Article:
Two versions of Souvenir Book

         Japanese Program

         

       

       

         

                           

       

             

                

                                       

PUNY

The legacies attached to writer Ross Lockridge, Jr., his novel Raintree County and the movie version are the tortured processes of writing, publishing and filming that are much more engrossing than what ended up on the pages or the screen. The original manuscript, reportedly weighing in at twenty pounds when hand-delivered by the author, was set to be published in spring of 1947 but Houghton Mifflin first wanted 100,000 words sliced from its 600,000. MGM, dangling a huge money prize as incentive, wanted another 100,000 words cut, compromising at 50,000. The then-powerful moral arbiter Book of the Month Club wanted more excised, in particular a sex scene, for its edition. Expensively mounted with engraving and artist renderings, and adorned with a cleverly risqué front cover, the bitterly negotiated rewrite was published on January 4, 1948 and achieved instant best seller status when the 50,000 press run sold out the very next day. Despite the sales and garnering largely favorable reviews, erudite Lockridge was moving fast and deep into clinical depression and would kill himself by auto carbon monoxide two months later. (Son Larry Lockridge, writing the post-mortem Shade of the Raintree, believes the reprint of the vicious New Yorker magazine review in Lockridge’s home town newspaper was catalyst sending him over the edge.) With MGM in possession of the expensive movie rights, the scheduling of production was more off than on for six years, finally given the go-ahead by studio head Dore Schary before he’d get the boot.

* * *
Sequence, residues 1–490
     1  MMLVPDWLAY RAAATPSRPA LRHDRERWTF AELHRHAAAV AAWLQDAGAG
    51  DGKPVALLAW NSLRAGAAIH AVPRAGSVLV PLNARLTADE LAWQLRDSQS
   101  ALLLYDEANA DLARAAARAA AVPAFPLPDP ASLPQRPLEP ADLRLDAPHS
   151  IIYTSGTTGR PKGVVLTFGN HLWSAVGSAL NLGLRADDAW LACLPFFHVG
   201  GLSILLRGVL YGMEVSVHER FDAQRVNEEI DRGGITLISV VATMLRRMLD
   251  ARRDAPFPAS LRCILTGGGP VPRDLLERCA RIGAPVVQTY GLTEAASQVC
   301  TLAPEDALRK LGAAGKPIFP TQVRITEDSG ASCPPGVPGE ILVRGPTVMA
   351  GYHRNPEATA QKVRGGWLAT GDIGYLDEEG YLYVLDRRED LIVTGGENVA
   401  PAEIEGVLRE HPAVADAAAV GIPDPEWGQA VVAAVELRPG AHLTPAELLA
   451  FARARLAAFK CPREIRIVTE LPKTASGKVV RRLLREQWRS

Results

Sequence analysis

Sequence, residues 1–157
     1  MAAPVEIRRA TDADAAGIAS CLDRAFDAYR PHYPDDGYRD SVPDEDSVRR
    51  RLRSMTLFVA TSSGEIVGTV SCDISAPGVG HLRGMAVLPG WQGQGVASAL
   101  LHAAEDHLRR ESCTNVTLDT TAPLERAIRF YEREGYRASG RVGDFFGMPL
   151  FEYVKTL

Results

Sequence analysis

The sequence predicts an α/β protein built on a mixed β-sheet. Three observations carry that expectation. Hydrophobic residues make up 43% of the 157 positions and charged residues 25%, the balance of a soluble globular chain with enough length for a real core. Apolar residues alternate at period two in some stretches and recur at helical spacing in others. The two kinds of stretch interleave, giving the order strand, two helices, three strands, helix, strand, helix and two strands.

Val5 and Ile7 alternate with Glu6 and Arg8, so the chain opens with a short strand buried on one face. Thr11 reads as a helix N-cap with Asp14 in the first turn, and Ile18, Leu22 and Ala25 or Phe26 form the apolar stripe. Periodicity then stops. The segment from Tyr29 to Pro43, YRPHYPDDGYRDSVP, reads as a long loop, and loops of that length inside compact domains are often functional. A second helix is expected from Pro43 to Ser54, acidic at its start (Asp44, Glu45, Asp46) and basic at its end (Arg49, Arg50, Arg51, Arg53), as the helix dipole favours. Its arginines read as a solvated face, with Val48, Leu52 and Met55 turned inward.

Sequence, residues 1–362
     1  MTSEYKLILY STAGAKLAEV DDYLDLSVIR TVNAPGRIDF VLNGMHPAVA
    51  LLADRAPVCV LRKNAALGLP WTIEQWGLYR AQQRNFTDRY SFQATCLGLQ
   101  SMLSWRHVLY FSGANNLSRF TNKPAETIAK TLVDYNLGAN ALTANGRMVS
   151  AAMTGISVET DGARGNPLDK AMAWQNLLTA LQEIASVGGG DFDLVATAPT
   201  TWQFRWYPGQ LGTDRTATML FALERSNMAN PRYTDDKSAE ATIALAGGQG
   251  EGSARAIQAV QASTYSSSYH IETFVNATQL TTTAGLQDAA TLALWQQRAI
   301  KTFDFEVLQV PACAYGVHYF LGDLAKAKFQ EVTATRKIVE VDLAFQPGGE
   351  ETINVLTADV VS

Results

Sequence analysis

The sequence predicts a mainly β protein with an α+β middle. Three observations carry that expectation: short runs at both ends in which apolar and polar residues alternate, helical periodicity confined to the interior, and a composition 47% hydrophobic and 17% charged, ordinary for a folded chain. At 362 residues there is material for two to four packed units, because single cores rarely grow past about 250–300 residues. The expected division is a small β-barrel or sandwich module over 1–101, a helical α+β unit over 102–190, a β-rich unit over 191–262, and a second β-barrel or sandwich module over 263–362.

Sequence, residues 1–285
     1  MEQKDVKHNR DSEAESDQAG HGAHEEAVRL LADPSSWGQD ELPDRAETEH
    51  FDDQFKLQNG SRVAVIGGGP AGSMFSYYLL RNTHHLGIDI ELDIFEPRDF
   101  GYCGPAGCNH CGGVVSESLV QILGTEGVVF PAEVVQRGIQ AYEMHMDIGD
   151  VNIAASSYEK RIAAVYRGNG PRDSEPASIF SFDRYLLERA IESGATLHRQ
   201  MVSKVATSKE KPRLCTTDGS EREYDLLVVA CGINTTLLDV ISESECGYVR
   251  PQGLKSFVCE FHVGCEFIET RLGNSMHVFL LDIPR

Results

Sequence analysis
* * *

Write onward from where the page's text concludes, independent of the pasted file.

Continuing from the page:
During Schary’s reign, Millard Kaufman (co-creator of Mr. McGoo) was selected to write the screenplay of Raintree County without previous experience in adapting heavy duty literature. The diffusive structure of the “Great American Novel,” modeled after Joyce’s Ulysses, doomed the movie version to butchered incoherency. Trapped in a 24 hour time span and set in the Civil War era, the book fantasies Raintree County’s symbolic Tree of Knowledge as the genesis of life using its golden branches to drop the seeds of humanity along with plenty of distracting discourse on mythologies and topical subjects such as psychiatry and sex by the central character John Shawnessy. Kaufman’s intent to faithfully adapt the 1,000 page pipedream epic—the diametric opposite of a hungrily consumed pop read—was superseded by MGM’s clearer directive to turn the contraption into a second blockbuster romancer by matching the popular response to both the novel and movie of Gone With the Wind. He likely also suspected the open secret—that probably the majority of readers failed to get through the book’s complexities, with Edward Dmytryk, the movie’s director, a constant reminder by having admitted to not reading any of it. When given the script, Monty Clift called it “a soap opera with elephantiasis,” echoing a comment made by a reviewer of the book. Whatever ardencies intended, and present in GWTW and the Liz/Monty Place in the Sun, they turn negligible in Raintree County as the audience feels it’s taking six years to get through the lumpy 187 minutes. Intermission as reprieve-getaway comes after 2 hours and 15 minutes. The number 6 had already appeared as warning: it’s the number of years Lockridge researched and then the number of years it took for him to write the novel.